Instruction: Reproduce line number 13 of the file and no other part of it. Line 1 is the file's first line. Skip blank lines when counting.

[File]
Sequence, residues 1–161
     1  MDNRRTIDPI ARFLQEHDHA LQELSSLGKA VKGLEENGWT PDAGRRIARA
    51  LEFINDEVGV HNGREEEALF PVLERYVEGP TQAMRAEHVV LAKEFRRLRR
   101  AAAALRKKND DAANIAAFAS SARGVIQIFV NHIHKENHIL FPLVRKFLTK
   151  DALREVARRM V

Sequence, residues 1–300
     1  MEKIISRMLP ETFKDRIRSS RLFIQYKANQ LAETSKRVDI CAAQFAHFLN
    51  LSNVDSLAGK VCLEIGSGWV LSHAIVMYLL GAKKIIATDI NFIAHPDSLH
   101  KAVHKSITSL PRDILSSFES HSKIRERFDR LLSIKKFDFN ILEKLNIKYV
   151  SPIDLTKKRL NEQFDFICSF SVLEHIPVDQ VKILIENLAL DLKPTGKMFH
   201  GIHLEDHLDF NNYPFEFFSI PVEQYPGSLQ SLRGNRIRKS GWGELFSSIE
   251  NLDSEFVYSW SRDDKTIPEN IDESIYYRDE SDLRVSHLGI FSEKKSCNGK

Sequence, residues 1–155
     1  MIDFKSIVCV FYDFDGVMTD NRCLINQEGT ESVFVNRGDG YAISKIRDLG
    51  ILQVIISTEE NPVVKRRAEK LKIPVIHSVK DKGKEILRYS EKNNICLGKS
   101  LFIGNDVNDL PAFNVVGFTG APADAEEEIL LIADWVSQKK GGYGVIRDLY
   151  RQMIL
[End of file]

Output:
Sequence, residues 1–155